In Romiette and Julio by Sharon M. Draper, how can one person make a difference?
Romiette and Julio by Sharon M. Draper is a story loosely based on William Shakespeare's seminal play, Romeo and Juliet, about the romantic relationship between two teenagers who are members of feuding families. Draper adapts this story by setting it modern Cincinnati, and making Romiette African-American and Julio Mexican-American. The school which these two teenagers attend is one plagued by drugs, gangs, and ethnic tensions. The main conflicts in the plot have to do with the teenagers making decisions either to resist the bad influences in their schools or to simply sit by passively and let bad things happen. The greatest danger is the gangs. Because they have killed a teacher who stood up to them, most people either join the gangs or just try to avoid being noticed by them, something that allows the Devildogs to act with impunity.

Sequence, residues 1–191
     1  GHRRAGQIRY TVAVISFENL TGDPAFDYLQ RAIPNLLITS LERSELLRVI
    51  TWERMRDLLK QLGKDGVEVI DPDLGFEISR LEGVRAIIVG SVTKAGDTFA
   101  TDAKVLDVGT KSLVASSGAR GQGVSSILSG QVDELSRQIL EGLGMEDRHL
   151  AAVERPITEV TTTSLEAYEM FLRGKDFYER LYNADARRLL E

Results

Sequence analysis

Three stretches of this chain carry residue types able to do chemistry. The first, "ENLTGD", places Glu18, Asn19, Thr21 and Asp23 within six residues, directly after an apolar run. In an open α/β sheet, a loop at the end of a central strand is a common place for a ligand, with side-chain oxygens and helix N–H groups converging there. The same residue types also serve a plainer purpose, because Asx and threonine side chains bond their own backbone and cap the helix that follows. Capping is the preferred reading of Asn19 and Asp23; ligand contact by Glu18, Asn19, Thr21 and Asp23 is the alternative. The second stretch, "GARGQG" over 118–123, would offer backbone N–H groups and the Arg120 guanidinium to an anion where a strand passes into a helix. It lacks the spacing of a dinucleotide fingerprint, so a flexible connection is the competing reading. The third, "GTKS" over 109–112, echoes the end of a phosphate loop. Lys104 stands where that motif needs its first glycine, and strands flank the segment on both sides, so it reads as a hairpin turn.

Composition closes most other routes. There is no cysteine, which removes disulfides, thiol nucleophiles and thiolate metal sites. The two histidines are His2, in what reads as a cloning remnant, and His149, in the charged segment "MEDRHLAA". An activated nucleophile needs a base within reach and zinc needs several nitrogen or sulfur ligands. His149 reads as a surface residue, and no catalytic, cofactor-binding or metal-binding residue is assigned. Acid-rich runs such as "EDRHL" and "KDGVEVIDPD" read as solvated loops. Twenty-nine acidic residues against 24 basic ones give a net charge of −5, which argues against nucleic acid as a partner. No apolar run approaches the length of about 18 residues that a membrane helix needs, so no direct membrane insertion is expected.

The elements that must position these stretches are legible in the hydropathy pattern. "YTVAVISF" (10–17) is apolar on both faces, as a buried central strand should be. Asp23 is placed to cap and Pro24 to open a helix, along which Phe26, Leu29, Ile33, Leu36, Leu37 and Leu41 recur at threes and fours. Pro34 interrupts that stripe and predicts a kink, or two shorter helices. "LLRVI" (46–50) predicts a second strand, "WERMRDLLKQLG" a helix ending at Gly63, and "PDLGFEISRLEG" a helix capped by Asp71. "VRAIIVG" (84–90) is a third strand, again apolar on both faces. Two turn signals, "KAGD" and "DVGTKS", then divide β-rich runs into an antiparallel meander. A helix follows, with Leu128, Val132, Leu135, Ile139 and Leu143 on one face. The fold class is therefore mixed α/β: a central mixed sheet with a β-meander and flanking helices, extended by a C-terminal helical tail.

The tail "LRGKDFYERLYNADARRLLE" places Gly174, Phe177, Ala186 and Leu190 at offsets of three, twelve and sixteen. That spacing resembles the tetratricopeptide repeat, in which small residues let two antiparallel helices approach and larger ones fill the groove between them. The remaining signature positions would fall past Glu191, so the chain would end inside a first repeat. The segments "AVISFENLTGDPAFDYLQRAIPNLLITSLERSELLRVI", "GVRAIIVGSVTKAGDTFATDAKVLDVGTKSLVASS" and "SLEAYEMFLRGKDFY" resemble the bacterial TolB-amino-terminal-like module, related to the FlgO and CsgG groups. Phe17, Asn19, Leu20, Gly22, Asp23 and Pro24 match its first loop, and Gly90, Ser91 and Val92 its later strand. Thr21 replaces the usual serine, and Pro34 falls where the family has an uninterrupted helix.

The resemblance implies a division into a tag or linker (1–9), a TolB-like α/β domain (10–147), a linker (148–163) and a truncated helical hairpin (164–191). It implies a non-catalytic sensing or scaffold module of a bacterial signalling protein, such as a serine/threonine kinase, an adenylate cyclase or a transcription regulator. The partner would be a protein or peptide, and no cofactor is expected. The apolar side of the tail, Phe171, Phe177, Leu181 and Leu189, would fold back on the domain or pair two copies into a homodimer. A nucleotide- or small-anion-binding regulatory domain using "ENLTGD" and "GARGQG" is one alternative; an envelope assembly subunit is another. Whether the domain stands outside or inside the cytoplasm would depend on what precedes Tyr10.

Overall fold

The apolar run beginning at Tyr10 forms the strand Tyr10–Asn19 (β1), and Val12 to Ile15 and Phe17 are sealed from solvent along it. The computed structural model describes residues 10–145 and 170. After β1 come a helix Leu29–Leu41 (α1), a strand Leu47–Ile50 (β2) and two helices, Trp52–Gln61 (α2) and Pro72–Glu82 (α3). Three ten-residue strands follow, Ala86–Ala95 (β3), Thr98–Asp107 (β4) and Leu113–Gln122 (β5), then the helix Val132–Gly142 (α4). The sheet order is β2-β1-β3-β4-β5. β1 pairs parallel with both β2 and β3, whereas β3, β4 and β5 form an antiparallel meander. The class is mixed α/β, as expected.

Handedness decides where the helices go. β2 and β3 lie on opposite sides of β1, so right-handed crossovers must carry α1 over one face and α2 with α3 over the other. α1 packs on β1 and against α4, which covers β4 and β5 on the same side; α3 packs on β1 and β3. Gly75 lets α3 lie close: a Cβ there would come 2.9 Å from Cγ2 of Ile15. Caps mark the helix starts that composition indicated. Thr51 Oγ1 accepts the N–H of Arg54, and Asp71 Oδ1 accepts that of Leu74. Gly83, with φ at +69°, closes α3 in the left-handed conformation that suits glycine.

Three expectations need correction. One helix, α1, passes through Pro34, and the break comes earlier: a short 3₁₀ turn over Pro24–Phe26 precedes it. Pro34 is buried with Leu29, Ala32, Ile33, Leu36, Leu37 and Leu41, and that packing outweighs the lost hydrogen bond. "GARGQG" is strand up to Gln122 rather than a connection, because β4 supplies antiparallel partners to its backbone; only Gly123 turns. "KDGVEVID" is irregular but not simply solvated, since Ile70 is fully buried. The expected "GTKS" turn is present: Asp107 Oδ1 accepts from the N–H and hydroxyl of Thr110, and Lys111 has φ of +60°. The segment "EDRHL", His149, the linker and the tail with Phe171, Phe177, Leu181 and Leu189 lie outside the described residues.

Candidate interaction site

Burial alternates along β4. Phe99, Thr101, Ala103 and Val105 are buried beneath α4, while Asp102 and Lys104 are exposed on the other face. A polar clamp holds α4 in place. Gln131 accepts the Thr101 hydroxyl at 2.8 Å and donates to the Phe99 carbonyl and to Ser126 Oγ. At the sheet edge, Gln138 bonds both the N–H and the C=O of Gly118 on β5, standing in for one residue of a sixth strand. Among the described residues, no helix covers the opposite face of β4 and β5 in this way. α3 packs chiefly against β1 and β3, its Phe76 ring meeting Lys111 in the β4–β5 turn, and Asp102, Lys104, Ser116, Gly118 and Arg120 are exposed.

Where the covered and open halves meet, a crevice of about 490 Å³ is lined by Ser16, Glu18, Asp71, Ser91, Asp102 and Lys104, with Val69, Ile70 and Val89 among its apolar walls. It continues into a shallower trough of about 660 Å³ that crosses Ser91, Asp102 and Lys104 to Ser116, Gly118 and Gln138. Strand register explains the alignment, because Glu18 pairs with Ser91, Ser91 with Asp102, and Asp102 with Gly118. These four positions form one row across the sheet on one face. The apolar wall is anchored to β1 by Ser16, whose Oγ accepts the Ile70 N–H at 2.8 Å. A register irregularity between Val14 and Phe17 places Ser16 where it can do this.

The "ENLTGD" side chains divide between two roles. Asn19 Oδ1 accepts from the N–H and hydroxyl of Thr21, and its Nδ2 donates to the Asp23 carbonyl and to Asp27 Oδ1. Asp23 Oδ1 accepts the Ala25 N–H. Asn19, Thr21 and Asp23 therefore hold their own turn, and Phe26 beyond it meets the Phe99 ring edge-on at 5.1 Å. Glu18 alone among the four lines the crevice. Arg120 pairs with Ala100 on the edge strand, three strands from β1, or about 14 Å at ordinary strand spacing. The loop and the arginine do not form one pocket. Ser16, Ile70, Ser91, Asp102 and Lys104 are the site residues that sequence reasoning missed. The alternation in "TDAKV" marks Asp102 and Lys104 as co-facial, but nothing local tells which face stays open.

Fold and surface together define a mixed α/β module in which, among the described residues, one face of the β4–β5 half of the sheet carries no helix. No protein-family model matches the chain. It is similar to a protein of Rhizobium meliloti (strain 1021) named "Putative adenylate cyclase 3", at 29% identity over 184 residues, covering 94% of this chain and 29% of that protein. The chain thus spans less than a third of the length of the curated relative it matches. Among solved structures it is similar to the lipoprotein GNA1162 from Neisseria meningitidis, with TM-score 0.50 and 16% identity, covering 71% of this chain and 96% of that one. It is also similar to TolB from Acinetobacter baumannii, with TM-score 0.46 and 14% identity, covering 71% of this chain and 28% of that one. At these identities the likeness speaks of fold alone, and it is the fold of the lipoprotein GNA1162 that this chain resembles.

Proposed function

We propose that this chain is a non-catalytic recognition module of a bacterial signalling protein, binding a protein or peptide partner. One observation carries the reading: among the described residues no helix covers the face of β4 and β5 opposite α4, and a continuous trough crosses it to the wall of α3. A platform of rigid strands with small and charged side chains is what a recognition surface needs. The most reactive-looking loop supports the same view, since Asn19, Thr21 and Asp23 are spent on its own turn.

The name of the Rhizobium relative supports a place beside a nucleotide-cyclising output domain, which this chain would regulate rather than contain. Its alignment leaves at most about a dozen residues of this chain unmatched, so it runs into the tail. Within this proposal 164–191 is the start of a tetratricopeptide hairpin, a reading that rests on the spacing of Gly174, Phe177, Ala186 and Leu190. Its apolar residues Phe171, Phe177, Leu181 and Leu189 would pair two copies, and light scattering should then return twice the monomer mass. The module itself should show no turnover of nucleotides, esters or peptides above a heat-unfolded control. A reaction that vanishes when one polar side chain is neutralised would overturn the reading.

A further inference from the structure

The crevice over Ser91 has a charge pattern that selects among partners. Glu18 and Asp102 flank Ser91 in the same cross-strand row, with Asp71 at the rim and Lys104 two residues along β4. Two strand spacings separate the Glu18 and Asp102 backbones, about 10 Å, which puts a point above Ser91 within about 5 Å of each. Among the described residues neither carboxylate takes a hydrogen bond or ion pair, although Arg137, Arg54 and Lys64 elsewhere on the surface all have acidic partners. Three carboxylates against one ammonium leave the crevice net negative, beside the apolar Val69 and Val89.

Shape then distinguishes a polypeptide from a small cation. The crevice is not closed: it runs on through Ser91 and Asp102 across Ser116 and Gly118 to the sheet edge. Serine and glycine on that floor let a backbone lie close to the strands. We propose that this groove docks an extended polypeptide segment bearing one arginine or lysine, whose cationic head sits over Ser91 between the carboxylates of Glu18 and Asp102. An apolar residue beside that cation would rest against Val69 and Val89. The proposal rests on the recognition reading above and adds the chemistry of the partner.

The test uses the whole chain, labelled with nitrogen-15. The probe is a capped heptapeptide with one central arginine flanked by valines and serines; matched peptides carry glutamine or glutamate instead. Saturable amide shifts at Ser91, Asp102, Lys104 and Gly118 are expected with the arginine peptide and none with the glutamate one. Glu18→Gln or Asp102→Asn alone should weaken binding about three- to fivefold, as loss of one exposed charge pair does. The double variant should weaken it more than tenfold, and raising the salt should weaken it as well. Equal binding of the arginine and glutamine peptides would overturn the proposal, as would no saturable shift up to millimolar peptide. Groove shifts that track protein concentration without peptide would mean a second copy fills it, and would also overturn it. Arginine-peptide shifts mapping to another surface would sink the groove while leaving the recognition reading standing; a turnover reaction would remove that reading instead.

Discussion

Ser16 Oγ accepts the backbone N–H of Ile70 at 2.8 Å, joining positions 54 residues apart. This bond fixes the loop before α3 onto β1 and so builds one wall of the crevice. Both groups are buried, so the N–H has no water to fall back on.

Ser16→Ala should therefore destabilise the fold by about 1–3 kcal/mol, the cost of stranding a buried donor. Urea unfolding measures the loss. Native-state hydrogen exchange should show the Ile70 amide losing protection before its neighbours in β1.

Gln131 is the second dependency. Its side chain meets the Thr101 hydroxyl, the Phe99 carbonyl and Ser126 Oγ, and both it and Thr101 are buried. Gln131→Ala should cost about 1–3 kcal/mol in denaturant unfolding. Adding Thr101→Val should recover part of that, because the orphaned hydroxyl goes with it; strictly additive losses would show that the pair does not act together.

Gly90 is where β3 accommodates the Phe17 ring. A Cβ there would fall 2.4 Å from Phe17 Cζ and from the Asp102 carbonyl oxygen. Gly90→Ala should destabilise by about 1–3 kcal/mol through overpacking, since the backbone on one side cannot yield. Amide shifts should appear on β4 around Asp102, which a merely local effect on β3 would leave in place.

By standing up to the Devildogs, having friendships that cross ethinic boundaries, and following their dreams, including those of being active in media and creative activities, the teens manage to make a difference in their environment and break the stranglehold the gangs have on school life. It should be noted that the point of the novel is that individuals can make a difference, but through the means of being loyal to their friends. Ben, Destiny, Romi and Julio are strengthened and encouraged by their positive bonds of friendship, and though each individually makes a major contribution, their real success comes from their ability to work together.